If you have a company with debts that you no longer want to run, you might think that striking the business off the Companies House register, a process known as dissolution, is the simplest solution. But what happens to debts once a company is closed down?
In this guide, we’ll explain how the dissolution process works and explain the other methods you can use to shut down the business.
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What Happens When a Company is Dissolved?
Company dissolution is the simplest and most cost-effective way to close a private limited company (LTD) or a limited liability partnership (LLP). There are no liquidation costs, no investigation into your conduct as a director and you can set up a new business straightaway and even use the same business name as the dissolved company.
The process is cheap and easy. All you have to do is pay an £8 (online) or £10 (offline) disbursement fee to Companies House and complete and submit form DS01. If you meet the company dissolution criteria, a notice will be published in the Gazette giving interested parties three month’s notice of your intention to strike off the company. If no objections are received, the business will be removed from the Companies House register and will cease to exist.
What Happens to Debts Once a Company is Dissolved?
Despite the simplicity of this procedure, some strict rules apply before a company can be dissolved:
- It must be solvent
- There must be no ongoing legal action against the business
- It cannot be undergoing a creditor agreement such as a company voluntary arrangement (CVA)
- It must not have traded or been involved in any activities other than the striking off procedure for the last three months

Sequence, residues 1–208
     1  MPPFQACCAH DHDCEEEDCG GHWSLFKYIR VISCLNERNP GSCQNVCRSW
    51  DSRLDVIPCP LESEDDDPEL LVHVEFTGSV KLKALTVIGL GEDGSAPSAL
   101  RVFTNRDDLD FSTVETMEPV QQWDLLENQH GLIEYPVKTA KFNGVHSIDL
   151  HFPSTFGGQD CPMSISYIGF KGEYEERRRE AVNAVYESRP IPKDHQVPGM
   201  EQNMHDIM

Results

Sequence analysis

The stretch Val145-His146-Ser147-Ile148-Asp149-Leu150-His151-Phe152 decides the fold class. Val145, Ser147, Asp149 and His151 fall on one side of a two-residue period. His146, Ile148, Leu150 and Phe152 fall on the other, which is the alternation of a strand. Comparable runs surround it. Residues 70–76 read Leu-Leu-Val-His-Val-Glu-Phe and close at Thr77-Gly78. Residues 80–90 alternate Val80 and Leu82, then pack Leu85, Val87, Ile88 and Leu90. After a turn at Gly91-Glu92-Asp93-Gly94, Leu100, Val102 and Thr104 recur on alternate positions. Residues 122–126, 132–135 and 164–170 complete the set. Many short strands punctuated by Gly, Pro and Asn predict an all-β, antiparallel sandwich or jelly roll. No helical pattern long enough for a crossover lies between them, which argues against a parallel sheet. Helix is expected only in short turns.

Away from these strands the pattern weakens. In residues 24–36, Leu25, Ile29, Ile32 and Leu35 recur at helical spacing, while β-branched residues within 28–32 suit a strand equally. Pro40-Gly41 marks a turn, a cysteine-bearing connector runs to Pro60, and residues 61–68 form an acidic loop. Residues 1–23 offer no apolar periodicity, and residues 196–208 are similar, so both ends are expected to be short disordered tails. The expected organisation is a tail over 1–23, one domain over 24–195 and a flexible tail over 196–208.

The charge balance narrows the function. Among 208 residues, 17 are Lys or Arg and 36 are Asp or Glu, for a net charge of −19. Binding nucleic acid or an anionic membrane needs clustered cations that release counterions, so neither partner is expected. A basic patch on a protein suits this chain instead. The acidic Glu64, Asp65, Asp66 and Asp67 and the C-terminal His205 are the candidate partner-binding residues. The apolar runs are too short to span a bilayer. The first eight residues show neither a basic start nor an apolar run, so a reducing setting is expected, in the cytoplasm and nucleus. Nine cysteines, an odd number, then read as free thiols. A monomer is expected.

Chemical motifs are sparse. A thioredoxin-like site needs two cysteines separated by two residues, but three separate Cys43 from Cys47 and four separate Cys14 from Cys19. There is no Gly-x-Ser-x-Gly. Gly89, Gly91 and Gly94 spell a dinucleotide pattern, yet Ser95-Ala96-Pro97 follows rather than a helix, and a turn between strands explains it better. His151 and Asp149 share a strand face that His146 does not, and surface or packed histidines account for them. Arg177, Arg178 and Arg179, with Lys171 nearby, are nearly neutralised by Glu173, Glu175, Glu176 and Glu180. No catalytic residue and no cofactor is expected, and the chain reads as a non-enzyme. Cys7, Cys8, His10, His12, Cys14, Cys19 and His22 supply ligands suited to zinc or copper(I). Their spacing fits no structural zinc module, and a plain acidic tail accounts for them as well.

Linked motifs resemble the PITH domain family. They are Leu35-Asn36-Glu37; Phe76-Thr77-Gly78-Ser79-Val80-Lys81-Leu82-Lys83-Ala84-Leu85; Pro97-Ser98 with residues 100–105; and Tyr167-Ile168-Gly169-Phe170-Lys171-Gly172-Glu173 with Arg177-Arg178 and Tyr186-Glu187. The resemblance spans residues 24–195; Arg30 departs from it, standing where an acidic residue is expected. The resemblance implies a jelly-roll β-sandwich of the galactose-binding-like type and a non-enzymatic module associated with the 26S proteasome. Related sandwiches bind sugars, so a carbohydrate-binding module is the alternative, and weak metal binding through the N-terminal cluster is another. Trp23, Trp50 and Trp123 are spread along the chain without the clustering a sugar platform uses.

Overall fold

- It cannot have changed names in the last three months
- It cannot have sold any property or rights in the last three months
So, for a company to be dissolved, it must be solvent and have no outstanding creditor legal action against it. If the company cannot afford to repay its debts, striking off is not a method that can be used to close it down.
What Happens to Creditors When a Company is Dissolved?
Settling debts owed to creditors such as HMRC and suppliers must be factored into the overall cost of dissolution if that is the route you want to take. You must also repay any money you owe to the company in the form of directors’ loans. If you do try to dissolve a company with outstanding debts, it’s highly likely that your creditors will take action that could bring serious consequences for you personally.
- Creditors can object to the striking off application - All company creditors must be informed that a striking off application has been made by the company. They can then object to the dissolution and take enforcement action to force the repayment of the money they are owed.
- Creditors can apply for the company to be reinstated - Once a business with debts has been dissolved, any outstanding creditors can apply to have the company reinstated to the Companies House register so they can take action to recover the debt.